Stop deflecting,” Lisa said; “I’ve still got plenty more blood I could wipe on you.”

“You’re right,” Anna said with a sigh, leaning back in her seat. “I know you’re right. Most of the time I’m,” she shook her head, “an out-of-control control-freak who is impossible for anyone but Ellen to put up with, and even then, she doesn’t, always… but then, in a crisis, all of that bossiness and bitchiness becomes actually helpful, and I feel, fleetingly, like instead of being a burden to everyone around me emotionally I’m finally useful, maybe even enough to justify everything I hate about myself…”

“You’re useful all the time,” Lisa said. “And maybe you’re extra useful in a crunch- but that’s why we need you over the long term. You give yourself a heart attack or a stroke or an aneurism, who takes over? The Janes?”

“They would definitely solve internal conflicts with pillow fights…”

“You and Mae, both, w’[;pe need you. But that means we need you taking care of yourselves, too. This gender war is a marathon, not a sprint. We have to be ready to go the distance.”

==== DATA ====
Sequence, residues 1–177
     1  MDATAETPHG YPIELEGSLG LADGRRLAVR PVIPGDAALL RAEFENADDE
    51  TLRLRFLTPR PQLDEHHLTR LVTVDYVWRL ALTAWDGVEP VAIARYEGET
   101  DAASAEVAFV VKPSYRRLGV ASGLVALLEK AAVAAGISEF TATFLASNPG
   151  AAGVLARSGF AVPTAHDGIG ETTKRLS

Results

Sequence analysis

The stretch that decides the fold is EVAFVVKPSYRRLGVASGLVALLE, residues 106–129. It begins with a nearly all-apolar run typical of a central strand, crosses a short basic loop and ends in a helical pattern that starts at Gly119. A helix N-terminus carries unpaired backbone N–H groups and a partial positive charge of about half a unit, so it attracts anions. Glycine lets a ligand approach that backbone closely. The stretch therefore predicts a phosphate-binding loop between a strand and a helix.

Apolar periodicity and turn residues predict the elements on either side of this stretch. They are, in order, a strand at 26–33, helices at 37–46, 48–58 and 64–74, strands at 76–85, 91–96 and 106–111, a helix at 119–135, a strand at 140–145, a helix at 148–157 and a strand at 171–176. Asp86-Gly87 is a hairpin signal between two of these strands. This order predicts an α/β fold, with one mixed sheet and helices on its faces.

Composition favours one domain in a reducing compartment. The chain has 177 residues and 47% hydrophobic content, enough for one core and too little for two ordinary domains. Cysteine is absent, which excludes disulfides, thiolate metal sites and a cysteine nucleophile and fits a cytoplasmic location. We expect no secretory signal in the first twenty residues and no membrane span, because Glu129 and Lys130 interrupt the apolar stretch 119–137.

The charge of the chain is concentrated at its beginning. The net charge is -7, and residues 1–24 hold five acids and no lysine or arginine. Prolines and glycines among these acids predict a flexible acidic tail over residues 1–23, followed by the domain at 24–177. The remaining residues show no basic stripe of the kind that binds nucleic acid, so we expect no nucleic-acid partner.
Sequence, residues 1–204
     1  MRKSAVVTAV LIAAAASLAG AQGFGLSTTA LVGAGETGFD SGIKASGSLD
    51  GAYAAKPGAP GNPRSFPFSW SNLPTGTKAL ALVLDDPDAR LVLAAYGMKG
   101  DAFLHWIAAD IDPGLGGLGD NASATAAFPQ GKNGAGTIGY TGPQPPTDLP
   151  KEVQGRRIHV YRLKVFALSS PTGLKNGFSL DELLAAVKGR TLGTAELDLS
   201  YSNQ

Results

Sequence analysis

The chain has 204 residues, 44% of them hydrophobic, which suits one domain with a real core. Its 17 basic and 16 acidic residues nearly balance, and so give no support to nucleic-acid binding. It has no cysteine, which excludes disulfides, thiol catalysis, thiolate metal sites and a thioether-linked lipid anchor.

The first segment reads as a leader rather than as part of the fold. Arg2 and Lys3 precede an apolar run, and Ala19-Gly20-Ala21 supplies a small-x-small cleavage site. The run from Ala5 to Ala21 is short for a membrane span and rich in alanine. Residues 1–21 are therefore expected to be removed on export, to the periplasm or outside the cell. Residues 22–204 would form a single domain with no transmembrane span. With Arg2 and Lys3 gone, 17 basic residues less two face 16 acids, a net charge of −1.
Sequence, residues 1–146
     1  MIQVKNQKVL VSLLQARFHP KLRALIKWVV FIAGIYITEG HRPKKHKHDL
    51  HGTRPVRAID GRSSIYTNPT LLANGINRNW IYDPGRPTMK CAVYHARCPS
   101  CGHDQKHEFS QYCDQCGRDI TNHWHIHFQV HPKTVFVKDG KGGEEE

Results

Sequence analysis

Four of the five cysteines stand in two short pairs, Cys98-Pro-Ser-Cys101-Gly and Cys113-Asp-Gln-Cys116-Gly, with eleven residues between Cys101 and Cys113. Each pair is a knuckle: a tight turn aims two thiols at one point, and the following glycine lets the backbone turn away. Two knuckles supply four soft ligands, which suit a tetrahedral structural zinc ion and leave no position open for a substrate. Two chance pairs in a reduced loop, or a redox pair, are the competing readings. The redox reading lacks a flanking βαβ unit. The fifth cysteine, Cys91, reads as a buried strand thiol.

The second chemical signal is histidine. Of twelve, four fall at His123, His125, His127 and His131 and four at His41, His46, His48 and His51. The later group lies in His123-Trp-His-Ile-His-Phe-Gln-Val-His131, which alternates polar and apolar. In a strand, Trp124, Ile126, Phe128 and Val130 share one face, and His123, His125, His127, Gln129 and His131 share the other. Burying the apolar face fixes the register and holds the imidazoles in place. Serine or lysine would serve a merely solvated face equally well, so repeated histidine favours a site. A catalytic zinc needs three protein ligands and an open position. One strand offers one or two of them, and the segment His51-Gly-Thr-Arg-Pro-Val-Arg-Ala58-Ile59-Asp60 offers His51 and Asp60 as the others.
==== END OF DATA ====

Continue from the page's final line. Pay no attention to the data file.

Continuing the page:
“I think I’m beginning to see why Ofelia liked you. And Mae.”

“For the longest time I felt like an adopted puppy. Pitiful, maybe adorable, but…” she stopped, uncertain if she wanted to press ahead, “Clint changed that. He saw me. Me me. And on the one level he sold us out… but on the other, he was protecting me. It’s…”

“It’s tragic,” Anna interrupted. “He would have died for the rest of us- I guess, in the end, he did. But when push came to shove, he chose you over us, and it really is tragic that he was ever asked to. No one should be forced to choose between people they love.”

“A man and his mistresses?” Lisa asked.

“There’s a difference between love and who you want to fuck, though so long as everyone’s on board for polyamory, even that shouldn’t be a deal-breaker. And now you’re the one deflecting…”